So the GOP, during the elections, whined and whined about the economy and how they were the ones to fix it (despite being the ones who created the mess in the first place). So what have they done since then? A whole lot of abortion and creationism bills.
Steve Lavin, a state Republican in Montana, has broken the trend and introduced a bill that is kind of related to the economy. The bill would allow corporations, which are apparently people, the right to vote.
Echoing former Massachusetts governor and Republican presidential candidate Mitt Romney’s 2011 assertion that “corporations are people, too, my friend,” the law, if enacted, would empower a representative of each company in the district to cast a vote in the company’s interest.
I once had a corporation move in next to me, so I made it some “welcome to the neighborhood” cookies and took them over. Strangest thing though, the corporation didn’t eat the cookies…the people in the corporation did. Then they built a house next door on the other side. I made the house some cookies and took them over but, again, the people inside the house ate them. The house just kind of sat there being a house, going up in value like real estate tends to do. If the people in the house don’t get to vote for their house, why do the corporation people get to vote for their corporation?
If corporations are people, why can the corporation not walk down to the ballot office and cast a vote itself? People don’t just get to start deciding what inanimate objects (or abstract objects) would want if they had, y’know, desires. Corporations are no more a person than my sofa…which I own. Can I vote in my sofa’s interest?Corporations, like families, are made up of people, and the representative who would be voting on behalf of the corporation is already voting in the corporation’s interest when they hit the ballot box. That person shouldn’t get more say in the government than me just because he runs a corporation and I’m an author.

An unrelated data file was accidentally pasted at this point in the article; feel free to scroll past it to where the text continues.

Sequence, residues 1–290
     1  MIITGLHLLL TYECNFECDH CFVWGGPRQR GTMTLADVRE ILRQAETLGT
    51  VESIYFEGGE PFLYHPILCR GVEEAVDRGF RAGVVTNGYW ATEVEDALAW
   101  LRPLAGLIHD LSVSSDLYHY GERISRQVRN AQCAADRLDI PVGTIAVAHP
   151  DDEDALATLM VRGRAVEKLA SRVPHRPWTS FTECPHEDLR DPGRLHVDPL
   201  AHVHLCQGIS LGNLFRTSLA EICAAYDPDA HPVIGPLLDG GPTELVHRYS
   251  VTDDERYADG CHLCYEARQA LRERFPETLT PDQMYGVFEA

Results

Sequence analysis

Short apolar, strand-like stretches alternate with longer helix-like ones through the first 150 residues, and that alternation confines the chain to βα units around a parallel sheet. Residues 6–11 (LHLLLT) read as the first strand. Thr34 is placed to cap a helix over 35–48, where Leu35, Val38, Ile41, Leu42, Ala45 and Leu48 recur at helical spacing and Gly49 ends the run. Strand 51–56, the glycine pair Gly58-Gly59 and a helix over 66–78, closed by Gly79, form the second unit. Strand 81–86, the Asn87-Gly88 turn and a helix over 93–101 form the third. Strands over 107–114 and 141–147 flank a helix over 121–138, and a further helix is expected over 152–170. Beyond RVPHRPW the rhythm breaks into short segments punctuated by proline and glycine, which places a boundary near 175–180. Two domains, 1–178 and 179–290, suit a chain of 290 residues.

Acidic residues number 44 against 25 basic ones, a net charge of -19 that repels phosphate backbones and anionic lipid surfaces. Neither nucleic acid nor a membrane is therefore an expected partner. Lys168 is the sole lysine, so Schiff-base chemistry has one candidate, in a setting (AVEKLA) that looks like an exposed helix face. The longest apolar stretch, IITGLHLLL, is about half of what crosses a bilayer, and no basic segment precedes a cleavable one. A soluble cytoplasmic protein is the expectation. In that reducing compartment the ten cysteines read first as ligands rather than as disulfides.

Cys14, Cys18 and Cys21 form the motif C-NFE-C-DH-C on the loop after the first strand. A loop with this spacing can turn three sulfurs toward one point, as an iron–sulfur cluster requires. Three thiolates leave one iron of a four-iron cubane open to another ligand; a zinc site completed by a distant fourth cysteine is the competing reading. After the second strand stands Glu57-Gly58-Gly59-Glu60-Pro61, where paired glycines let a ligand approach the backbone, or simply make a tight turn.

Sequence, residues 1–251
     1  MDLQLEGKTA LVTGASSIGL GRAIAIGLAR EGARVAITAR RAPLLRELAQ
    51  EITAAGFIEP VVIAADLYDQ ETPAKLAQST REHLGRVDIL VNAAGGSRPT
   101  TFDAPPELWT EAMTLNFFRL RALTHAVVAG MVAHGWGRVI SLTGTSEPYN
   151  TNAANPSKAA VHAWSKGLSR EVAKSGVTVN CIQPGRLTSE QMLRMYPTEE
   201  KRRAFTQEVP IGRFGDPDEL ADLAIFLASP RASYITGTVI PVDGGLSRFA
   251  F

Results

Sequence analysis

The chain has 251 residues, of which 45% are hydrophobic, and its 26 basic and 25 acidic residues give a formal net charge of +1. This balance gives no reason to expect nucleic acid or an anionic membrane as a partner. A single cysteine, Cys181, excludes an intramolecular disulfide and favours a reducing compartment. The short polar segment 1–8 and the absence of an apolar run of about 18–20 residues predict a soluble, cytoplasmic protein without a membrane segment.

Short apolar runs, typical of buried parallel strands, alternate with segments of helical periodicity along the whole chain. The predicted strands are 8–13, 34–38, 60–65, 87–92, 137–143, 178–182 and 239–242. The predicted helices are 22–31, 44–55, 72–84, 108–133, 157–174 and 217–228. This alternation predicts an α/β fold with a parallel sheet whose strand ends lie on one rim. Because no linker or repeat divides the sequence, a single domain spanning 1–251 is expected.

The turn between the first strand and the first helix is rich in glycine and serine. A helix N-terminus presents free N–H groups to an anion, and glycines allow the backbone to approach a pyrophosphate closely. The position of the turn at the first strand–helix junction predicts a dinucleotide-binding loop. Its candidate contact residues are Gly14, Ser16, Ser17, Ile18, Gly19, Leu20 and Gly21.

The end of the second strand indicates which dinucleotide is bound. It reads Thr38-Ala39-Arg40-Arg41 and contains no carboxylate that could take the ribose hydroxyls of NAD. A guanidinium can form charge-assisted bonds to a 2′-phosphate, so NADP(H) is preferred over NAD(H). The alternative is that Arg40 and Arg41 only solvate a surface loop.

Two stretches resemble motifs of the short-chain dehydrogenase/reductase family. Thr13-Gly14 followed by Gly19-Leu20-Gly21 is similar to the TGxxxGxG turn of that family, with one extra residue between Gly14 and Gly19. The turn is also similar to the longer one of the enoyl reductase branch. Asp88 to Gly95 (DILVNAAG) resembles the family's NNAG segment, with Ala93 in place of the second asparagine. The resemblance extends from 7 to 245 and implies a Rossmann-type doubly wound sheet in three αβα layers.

This legislation would go beyond even the allowances made for corporations and companies to funnel unlimited dark money into elections as per the “Citizens United” decision. Think Progress reported that the bill was tabled by the state legislature almost immediately, so it is unlikely to be voted into law.
Good, but not enough to save Steve Lavin. He gets to sit in the corner of shame the rest of his political career. It’s ok though, because he can still be exalted by other Republicans behind the scenes. And he will be.
Commenter Ken comes in with a metaphorical roundhouse:
I haven’t filed the incorporation papers yet (so my corporation hasn’t technically been born yet and can’t survive on its own), but I have conceived what my corporation will be. I demand a corporate personhood amendment to protect the rights of my corporation!
In fact, I’ve got the beginnings of more then 1000 corporations documented, so I’ll be voting for all of them.